Most viburnums prefer full sun but will adjust to partial shade. They like a moderately fertile soil with a pH between 5.6 - 6.6., although many do just fine in alkaline soils. In general, viburnums are not terrible particular about where they grow.
That few pests will bother viburnums is one of the reasons they have become so popular in the landscape. Recently the Viburnum Leaf Beetle (VLB) has been introduced into North America trough Canada and has begun making its way south. The VLB, Pyrrhalta viburni (Paykull), is capable of great damage and is being closely watched.
When selecting viburnum plants, choose a young specimen, since viburnums can be difficult to transplant when they get older. Early spring is the best time for transplanting, giving them a full season to get adjusted.
Most viburnums now sold are crosses and cannot be started from seed. You can propagate from soft wood cuttings during the summer or simply layer branches in the fall. By spring there should be a new plant you can cut off and move.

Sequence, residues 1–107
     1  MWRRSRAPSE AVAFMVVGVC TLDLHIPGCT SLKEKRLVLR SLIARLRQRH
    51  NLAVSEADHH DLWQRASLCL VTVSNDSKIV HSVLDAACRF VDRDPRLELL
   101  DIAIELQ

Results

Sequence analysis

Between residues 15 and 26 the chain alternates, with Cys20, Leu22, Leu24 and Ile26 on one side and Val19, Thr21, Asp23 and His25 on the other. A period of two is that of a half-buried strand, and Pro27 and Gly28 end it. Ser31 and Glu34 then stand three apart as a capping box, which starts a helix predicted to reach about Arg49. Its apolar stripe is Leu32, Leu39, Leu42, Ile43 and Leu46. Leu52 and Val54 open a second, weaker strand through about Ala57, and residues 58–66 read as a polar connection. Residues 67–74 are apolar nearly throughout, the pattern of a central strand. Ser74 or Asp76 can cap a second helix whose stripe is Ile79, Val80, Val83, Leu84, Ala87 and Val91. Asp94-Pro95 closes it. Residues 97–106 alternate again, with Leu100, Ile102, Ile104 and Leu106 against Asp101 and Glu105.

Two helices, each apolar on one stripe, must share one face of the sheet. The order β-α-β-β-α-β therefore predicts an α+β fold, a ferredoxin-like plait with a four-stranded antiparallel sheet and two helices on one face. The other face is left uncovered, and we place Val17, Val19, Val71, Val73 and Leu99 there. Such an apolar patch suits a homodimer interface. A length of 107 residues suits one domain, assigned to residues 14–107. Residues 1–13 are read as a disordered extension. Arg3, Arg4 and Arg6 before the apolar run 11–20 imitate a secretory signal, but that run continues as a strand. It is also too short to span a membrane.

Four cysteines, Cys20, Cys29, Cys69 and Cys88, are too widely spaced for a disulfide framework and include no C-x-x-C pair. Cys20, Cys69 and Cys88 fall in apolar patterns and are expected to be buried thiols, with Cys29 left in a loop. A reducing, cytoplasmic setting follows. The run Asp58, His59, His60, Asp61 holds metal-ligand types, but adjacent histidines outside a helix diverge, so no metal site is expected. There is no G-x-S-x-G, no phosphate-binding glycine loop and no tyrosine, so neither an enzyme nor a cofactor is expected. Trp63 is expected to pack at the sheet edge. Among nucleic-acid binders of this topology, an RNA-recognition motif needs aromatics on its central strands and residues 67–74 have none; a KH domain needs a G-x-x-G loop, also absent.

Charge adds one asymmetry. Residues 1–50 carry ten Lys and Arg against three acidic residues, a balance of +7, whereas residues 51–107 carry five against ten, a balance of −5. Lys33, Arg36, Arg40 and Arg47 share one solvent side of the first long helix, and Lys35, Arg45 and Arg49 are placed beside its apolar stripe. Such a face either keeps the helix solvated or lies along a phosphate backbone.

Viburnums are well behaved members of the honeysuckle family. They are either shrubs or trees. The tree forms may require some pruning to achieve the desired shape.
The U.S. National Arboretum has done extensive breeding for hardy, pest resistant varieties.
Viburnums work great as hedges or in mass groupings and also make interesting specimen plants or anchors in borders.
Foliage: There is no singular viburnum foliage. It can be rounded, lance-shape or toothed, smooth, velvety or rough. There are some evergreen and semi-evergreen varieties and many deciduous varieties with outstanding fall color.
Flowers: Most viburnums have either white or pinkish flowers which are sometimes fragrant. The flowers themselves come in three major types: 1) Flat clusters of florets, 2) Flat umbels outlined with larger flowers, resembling lacecap hydrangeas and 3) Dome-shaped, snowball like clusters.
The fragrant varieties that are most familiar in the landscape are native to Asia.
Fruit: Almost all viburnums produce attractive clusters of drupes type fruits which are popular with birds, wildlife and humans. However, most Viburnums are not self-pollinating and will require another variety to cross-pollinate with and yield fruit. Read more on Asian and Evergreen Viburnums and Native North American varieties.